ALEXANDRIA, Virginia -- A former U.S. congressman was convicted Wednesday of taking bribes in a case in which agents found $90,000 in his freezer.
Former Rep. William Jefferson, a Democrat who had represented parts of New Orleans, was accused of accepting more than $400,000 in bribes and seeking millions more in exchange for brokering business deals in Africa. A federal jury convicted him on 11 of 16 counts, including bribery, racketeering and money laundering.
Jefferson was stoic as the verdict was read and had little to say afterward, deferring most questions to his lawyer. Asked how he was doing, he said, "I'm holding up."
Defense lawyer Robert Trout said he will appeal the convictions.
"We certainly believe we have strong issue for a legal appeal," Trout said outside the courthouse.
Jefferson was acquitted of counts that included obstruction of justice and violating the Foreign Corrupt Practices Act. He was the first official to be charged with violating that act, which makes it illegal to bribe foreign government officials.
The defense argued that Jefferson was acting as a private business consultant in brokering the deals and that his actions did not constitute bribery under federal law.
It took jurors five days to reach a decision after an eight-week trial that was mostly government testimony. The defense wrapped up its case in a matter of hours.
Prosecutor Mark Lytle said Jefferson could face more than 20 years in prison under federal sentencing guidelines. He wanted the 62-year-old former congressman detained immediately after the verdict, saying his ties to Africa made him a risk to flee what could amount to a life prison sentence.
However, Judge T.S. Ellis III allowed Jefferson to remain free on bond because of his local ties.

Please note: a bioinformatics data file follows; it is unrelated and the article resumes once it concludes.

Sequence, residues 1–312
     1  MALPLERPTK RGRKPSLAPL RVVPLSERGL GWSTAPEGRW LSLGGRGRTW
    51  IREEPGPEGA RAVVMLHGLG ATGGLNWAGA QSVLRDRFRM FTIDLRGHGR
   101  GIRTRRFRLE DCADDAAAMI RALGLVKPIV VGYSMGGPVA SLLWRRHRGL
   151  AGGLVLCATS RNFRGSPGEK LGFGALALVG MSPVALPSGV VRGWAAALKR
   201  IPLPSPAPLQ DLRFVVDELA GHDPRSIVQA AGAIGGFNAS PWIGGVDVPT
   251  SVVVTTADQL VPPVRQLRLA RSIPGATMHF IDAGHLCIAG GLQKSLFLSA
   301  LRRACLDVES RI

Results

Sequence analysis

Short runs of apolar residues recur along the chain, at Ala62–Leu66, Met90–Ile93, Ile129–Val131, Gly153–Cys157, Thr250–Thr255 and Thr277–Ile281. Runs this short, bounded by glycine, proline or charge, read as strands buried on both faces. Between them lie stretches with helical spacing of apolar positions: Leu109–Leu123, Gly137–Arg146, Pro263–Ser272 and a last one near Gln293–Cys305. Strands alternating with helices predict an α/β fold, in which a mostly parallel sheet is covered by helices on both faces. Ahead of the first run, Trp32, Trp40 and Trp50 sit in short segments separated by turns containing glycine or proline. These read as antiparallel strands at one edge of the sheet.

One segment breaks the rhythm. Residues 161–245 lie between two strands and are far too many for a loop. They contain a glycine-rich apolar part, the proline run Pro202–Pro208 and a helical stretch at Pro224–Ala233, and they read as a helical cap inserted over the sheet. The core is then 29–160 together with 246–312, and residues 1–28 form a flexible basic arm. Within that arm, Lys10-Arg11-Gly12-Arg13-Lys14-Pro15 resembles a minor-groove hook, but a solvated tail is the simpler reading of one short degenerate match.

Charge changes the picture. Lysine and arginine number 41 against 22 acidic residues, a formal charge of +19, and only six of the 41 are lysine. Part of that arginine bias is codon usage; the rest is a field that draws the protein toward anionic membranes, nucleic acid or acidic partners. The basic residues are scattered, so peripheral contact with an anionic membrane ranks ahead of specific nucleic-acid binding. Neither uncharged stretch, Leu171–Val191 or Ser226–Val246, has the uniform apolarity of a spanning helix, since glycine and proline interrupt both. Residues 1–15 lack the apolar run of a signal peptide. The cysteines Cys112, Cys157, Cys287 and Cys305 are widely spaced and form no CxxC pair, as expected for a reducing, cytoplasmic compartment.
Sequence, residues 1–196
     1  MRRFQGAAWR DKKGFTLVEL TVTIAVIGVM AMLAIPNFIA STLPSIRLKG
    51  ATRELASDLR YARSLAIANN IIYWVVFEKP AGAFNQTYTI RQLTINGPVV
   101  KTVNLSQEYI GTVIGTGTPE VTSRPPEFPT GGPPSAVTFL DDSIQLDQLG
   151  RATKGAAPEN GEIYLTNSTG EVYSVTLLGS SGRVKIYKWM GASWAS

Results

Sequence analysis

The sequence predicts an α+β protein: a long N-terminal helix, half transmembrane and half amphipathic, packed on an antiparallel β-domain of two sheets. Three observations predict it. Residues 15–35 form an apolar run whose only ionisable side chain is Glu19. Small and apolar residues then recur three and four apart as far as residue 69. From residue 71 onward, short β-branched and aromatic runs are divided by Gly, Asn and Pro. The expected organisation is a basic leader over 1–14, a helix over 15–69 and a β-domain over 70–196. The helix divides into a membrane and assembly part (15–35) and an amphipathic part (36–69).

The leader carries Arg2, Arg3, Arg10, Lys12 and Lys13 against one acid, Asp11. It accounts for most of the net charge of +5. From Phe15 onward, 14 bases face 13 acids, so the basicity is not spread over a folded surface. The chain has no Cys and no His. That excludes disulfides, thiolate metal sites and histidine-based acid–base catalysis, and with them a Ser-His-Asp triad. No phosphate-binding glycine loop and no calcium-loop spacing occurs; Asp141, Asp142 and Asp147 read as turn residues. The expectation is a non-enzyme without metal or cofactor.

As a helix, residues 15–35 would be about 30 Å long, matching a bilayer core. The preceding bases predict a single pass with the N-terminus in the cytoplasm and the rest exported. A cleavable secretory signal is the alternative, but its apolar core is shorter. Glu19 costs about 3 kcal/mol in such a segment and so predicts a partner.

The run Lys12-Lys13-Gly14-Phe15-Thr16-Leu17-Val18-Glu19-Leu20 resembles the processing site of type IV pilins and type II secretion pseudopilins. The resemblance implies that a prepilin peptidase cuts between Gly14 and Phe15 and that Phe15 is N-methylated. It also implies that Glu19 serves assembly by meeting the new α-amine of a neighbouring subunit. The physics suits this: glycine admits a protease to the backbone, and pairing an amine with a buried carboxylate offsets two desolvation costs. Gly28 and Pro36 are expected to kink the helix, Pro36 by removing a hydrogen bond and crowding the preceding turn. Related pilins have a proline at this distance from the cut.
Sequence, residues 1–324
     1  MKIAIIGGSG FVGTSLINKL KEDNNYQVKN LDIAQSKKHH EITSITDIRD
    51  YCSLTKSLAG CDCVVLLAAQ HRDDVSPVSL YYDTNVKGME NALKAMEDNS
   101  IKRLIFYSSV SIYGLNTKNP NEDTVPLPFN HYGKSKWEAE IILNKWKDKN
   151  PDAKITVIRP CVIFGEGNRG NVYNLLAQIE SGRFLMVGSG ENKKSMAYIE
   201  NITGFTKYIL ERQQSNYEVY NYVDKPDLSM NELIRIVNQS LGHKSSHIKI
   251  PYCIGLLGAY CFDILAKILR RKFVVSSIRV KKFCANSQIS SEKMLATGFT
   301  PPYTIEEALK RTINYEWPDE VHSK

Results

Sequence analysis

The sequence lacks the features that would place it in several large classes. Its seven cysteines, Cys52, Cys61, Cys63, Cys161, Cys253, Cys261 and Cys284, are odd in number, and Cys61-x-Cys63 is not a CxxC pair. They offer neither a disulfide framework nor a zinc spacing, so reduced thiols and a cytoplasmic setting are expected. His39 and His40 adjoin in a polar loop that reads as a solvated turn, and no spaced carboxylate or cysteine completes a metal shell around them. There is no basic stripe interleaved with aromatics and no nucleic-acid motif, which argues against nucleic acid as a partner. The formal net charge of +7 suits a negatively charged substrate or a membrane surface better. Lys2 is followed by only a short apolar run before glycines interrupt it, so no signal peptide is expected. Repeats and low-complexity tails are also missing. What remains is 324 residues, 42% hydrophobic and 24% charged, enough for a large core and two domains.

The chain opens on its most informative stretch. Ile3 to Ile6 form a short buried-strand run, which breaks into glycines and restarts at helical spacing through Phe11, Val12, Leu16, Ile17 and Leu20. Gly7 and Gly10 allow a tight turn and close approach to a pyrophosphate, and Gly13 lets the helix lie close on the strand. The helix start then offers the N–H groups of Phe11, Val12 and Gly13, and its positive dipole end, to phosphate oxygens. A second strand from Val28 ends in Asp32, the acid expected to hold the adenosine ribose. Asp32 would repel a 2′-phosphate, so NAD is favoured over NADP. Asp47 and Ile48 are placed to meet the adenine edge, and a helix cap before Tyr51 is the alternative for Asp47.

U.S. Attorney Dana Boente said after the verdict that "no person, not even a congressman, is above the law. Ninety thousand dollars in a freezer is not a gray area. It's a violation."
Jefferson has been under investigation since March 2005. In August that year, FBI agents searched his Washington home and found $90,000 cash in his freezer, wrapped in foil and hidden in boxes of frozen pie crust.
Prosecutors accused Jefferson of hiding bribes by funneling money disguised as consulting fees through sham companies controlled by his wife and brother.
In one recording played by defense attorneys, Jefferson explained that he did not want his name on any of the deals to avoid an appearance of impropriety.
Legally, much of the case turned on whether Jefferson's deal-brokering constituted an "official act" under federal bribery laws.
Jefferson has disputed a claim by prosecutors that the freezer cash was bribe money.
Jefferson is scheduled for sentencing on Oct. 30. The jurors must return to the courthouse Thursday to consider whether Jefferson has to forfeit more than $450,000 in alleged bribe receipts.